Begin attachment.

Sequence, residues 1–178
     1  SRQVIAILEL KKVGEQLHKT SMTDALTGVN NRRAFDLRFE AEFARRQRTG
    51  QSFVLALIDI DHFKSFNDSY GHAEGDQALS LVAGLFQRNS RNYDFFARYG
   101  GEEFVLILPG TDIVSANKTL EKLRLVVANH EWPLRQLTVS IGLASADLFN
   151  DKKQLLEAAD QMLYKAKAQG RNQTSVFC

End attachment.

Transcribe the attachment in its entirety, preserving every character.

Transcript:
Sequence, residues 1–178
     1  SRQVIAILEL KKVGEQLHKT SMTDALTGVN NRRAFDLRFE AEFARRQRTG
    51  QSFVLALIDI DHFKSFNDSY GHAEGDQALS LVAGLFQRNS RNYDFFARYG
   101  GEEFVLILPG TDIVSANKTL EKLRLVVANH EWPLRQLTVS IGLASADLFN
   151  DKKQLLEAAD QMLYKAKAQG RNQTSVFC